“Guns and Ammo Magazine,” a stalwart of gun rights advocacy, fired contributing editor Dick Metcalf after he penned, and the magazine published, an editorial advocating moderate gun control.
In his opinion piece titled “Let’s Talk Limits,” Metcalf wrote in part,
“Way too many gun owners still seem to believe that any regulation of the right to keep and bear arms is an infringement. The fact is, all constitutional rights are regulated, always have been, and need to be….All U.S. citizens have a right to keep and bear arms, but I do not believe that they have a right to use them irresponsibly.”
The Horror. You would have thought he had come out for legalized cannibalism. Readers attacked the editor and the magazine on social media, and threatened to cancel subscriptions. “Guns and Ammo” editor Jim Bequette posted an apology to readers on the magazine’s website, saying he should never have run the column:
“In publishing Metcalf’s column, I was untrue to that tradition, and for that I apologize. His views do not represent mine — nor, most important, ‘Guns & Ammo’’s. It is very clear to me that they don’t reflect the views of our readership either. I made a mistake by publishing the column,” he continued. “I thought it would generate a healthy exchange of ideas on gun rights. I miscalculated, pure and simple. I was wrong, and I ask your forgiveness.”
Bequette not only announced that “Guns & Ammo” had fired the author, but also that he was leaving as well.
Your Ethics Alarms Ethics Quiz for today is…
Was “Guns and Ammo” unfair to fire Dick Metcalf for writing a moderate and thoughtful opinion piece advocating some gun controls?
How could it be fair? This is a magazine about guns (and gun magazines). Gun control is a constant, live, contentious issue of great interest to the magazine’s readers. Metcalf’s point of view was obviously published to provoke thought and debate.
I think that while the magazine could have kept Metcalf, it was not unfair to fire him. This is an advocacy magazine. It exists to stake out the extreme end of the absolutist Second Amendment rights territory, as a necessary counter-balance to the extreme on the other side of the spectrum advocating the banning of all privately-owned firearms. What do you think would happen to a NARAL editor who wrote a signed editorial suggesting that certain restrictions on abortion made logical and ethical sense? Advocacy organizations cannot afford to let moderate positions weaken their absolute missions and credibility as champions for them, no matter how reasonable those moderate suggestions may be to objective parties. Indeed, properly used, extreme and absolute positions lead to more moderate policies. That editorial by Metcalf will be used by a gun control advocate testifying before a legislative committee, as evidence that even the pro-gun groups know that some controls are needed and make sense. Such a scenario is, justifiably, anathema to the publishers and subscribers to “Guns & Ammo.”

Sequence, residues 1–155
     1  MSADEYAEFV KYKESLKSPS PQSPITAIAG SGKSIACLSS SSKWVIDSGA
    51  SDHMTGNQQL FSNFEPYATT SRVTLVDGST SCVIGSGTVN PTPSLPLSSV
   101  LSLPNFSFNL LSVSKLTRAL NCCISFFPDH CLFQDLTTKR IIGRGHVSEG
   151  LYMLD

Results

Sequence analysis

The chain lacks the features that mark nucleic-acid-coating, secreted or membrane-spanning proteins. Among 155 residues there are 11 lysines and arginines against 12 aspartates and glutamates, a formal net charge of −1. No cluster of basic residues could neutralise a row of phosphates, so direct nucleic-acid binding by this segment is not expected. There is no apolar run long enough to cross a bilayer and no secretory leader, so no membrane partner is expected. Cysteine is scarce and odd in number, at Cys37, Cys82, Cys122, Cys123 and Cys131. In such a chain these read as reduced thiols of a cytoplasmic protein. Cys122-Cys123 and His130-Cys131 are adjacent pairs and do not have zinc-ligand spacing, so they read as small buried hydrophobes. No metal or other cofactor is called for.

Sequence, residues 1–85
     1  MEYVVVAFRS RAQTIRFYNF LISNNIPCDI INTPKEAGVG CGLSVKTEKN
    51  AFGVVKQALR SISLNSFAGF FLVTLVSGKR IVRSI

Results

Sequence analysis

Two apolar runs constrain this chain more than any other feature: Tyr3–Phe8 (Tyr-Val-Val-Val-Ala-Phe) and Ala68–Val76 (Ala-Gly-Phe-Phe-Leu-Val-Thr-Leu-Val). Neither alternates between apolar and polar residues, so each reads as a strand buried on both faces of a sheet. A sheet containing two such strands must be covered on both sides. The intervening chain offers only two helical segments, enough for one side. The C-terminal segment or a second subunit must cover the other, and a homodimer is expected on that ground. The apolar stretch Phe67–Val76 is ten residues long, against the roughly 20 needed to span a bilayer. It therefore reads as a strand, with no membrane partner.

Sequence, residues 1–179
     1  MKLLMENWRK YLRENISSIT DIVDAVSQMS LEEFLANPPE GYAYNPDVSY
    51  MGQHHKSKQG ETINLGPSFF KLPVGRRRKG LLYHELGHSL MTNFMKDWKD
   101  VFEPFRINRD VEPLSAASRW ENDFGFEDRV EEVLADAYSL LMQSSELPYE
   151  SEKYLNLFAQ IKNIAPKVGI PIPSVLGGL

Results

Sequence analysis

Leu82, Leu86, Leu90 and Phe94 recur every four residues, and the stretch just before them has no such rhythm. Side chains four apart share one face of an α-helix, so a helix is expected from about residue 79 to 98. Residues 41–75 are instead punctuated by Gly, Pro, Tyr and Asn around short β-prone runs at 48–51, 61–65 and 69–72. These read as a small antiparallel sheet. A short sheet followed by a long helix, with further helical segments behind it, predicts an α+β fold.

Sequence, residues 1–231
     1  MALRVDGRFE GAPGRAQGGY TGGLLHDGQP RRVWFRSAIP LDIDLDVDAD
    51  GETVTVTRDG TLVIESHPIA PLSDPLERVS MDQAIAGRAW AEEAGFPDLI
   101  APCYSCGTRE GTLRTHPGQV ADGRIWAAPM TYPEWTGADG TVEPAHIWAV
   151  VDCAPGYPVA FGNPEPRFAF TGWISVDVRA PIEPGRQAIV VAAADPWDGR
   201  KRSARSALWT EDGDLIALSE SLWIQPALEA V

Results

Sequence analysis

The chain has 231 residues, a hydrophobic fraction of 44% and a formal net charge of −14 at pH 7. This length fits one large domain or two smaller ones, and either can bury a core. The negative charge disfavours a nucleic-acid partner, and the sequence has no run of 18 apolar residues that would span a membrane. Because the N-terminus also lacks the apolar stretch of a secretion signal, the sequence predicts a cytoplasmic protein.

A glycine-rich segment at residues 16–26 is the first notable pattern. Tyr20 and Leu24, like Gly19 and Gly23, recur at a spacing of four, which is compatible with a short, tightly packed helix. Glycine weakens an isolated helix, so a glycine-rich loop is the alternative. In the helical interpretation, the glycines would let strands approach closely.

Both the magazine and Metcalf were let down by Bequette, who as editor was responsible for knowing the magazine’s readership and also protecting his colleague, Metcalf, from walking into a firing squad. He had no choice but to fire Metcalf and apologize to win back the trust of the publication’s readers, and he showed himself to be ethical by kicking himself off the staff as well. He made a bad error in judgment, held himself accountable, and did the right thing.
I liked Metcalf’s column, but this was not the place to publish it.
[A warning: Any commenter who says that Metcalf’s firing violated the First Amendment will be mocked unkindly, and will deserve it. Unfortunately, Metcalf himself has taken this ignorant path, which only shows that the champions of the Second Amendment, like their adversaries, will often interpret the Constitution to fit their needs. ]